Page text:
industrial control, and commercial
submetering arenas. The EtherMeter is
optimized for control system
applications, and contains a plethora of
features for applications in these
that allow you to select the best
product to match your exact
application requirements.
The company recently released a
Modbus version of its electro-
pneumatic pressure control and flow
control valves equipped with Modbus.
Modbus serial communications
capability is available on the popular
QBT, QPV, and QB3 series of
pressure control valves, which operate
as Modbus slaves.
Shouldn’t your company
be a member?
Modbus Newsletter
This is the newsletter of the Modbus
Organization, the international non-
profit organization devoted to the
evolution and support of the Modbus
protocols. For more information about
membership and other services, please
refer to our website:
Newsletter Editor:
Lenore Tracey (
Copyright 2009 by the Modbus
Organization, Inc.
PO Box 628
Hopkinton, MA 01748 USA
ph +1-508-435-7170
fax +1-508-435-7172
The Modbus Organization Mission
The Modbus Organization, Inc. is a group of independent users and suppliers of
automation devices that seeks to drive the adoption of the Modbus communica-
tion protocol suite and the evolution to address architectures for distributed
automation systems across multiple market segments. Modbus Organization also
provides the infrastructure to obtain and share information about the protocols,
their application, and certification to simplify implementation by users resulting in
reduced costs.
Modbus Discussion
Modbus master control...
Luís Soares asked the forum:
I want to know how I can solve the
following situation:
I have one system that communicates
using Modbus protocol and RS485
bus, with some network analyzers. I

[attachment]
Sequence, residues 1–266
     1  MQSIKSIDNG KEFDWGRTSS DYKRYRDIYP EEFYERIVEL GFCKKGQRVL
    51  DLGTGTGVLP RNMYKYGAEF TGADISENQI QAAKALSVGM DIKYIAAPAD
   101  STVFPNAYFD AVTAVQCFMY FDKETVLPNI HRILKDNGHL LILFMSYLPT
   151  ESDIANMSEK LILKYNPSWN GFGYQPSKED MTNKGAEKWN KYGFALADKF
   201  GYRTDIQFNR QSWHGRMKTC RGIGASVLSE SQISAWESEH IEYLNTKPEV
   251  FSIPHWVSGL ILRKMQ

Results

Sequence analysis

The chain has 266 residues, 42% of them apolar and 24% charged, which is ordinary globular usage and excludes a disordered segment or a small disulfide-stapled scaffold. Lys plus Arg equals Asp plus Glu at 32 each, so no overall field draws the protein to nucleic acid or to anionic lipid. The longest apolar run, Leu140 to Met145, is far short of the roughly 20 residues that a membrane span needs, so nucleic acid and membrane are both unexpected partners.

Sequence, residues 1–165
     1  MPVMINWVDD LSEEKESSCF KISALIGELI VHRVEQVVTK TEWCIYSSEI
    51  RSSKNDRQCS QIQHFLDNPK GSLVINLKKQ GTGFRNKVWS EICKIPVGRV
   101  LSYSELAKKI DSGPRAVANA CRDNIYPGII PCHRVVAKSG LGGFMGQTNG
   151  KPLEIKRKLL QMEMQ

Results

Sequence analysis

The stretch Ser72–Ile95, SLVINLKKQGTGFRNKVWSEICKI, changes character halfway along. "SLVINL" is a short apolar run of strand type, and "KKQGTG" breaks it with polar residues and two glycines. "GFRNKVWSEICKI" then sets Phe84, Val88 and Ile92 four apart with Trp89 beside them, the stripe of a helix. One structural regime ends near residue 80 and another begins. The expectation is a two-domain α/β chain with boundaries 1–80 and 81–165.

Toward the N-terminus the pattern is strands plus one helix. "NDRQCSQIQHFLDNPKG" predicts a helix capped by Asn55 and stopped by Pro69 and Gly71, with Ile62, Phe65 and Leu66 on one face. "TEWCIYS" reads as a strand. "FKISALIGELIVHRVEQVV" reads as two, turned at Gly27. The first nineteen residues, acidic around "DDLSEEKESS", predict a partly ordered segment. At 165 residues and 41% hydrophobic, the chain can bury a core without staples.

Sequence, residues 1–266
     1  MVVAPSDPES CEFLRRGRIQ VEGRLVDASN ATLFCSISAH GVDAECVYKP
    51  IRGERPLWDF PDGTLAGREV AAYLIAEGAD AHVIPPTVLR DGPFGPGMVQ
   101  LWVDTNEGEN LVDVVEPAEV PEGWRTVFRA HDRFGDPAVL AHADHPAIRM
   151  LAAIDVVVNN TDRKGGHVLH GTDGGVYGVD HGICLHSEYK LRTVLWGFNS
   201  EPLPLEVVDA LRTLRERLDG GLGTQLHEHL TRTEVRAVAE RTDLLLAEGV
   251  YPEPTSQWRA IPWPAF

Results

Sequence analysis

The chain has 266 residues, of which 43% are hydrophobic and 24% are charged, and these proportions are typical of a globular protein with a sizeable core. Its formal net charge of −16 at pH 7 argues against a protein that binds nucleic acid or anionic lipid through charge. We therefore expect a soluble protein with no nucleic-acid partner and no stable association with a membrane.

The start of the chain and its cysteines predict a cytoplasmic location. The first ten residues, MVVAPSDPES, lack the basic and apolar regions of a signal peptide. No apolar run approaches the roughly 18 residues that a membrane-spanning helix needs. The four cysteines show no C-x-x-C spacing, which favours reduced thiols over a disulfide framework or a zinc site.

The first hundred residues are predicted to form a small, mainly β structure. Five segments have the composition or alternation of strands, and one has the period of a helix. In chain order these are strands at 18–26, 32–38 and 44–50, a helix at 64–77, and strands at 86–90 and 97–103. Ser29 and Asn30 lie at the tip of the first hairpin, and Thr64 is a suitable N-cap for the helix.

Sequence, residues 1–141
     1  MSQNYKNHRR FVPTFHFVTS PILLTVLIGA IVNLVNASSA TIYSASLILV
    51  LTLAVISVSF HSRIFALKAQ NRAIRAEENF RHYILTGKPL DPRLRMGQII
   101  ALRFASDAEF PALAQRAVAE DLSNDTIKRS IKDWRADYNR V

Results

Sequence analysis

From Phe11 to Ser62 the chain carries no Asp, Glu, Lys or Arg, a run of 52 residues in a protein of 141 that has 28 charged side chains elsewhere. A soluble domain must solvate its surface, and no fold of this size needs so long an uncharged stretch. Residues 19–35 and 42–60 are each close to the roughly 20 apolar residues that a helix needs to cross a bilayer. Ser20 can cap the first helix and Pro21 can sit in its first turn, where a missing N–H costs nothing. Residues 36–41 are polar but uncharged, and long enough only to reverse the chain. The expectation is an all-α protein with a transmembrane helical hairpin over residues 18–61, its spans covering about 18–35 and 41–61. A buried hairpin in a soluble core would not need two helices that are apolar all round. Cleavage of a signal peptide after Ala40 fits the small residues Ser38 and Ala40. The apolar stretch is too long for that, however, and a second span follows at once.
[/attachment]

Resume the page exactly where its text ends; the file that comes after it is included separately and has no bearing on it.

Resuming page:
would like to put another Master on
the line to make some requests to the
network analyzers too.
The problem is that probably with two
Masters on the line the messages will
get screwed [up] and there will be
collisions for sure.
Is there any hardware device (to which
I can connect both Masters) that I can
use to connect both systems to be able
to manage the requests on the line? This
device would buffer the requests from
the two Masters and avoid problems
on the line.
Or is there another way to solve this
Jerry Miille replied:
The MARC Multii-Port
( is
commonly used for connecting
multiple Modbus Masters to a network
of one or more Modbus Slaves. It
works as you describe by buffering the
messages and only replying to the
Master that made the request. You can
contact me directly if you have any
questions. Jmiille [at]
From the Modbus Discussion Forum…
criders had some thoughts and
some questions:
I think that you would have to find a
way to sync the two Masters somehow.
When one of the Masters is
communicating, then the other one
doesn’t, What type of Masters are you
using, PLCs or PCs? Also are you using
If you are using the RTU framing
protocol, you could extend the silent
interval of one of the Masters. Instead
of a silent interval of 3.5 characters, try
setting one Master’s silent interval to
something like five characters. This
might give you enough of a window
to perform the communications.
I never had to use two Masters before,
so if you try it, please use caution.
Patrick L commented:
HMS makes a gateway that is a
Modbus RTU Slave to Modbus RTU
Slave. Connect one Master to one of
the Slaves and the other Master to the
other Slave. The gateway has a fixed
mapping of 512 Bytes In and 512
Bytes Out.
For more info, go to
or send me an email at: support [at]
Lorne had another suggestion:
Check out the PLC09 Arbitrator
( It was developed for
exactly this application.
Add your commects to this thread
Find the best way to engage...
email to:
plan the optimum strategy for
social media engagement
develop a program to meet
your goals and budgets
Modbus-IDA Discussion Forums
Modbus Discussion
MBLogic Free Soft Logic -
In February, Michael Griffin
The MBLogic Free/Open Source
software project has a new release. The
package, which has been known as
MBServer, now has soft logic
incorporated into it, and as a result is
now known as MBLogic. This has
been the goal of the project from the
This is Free Software released under a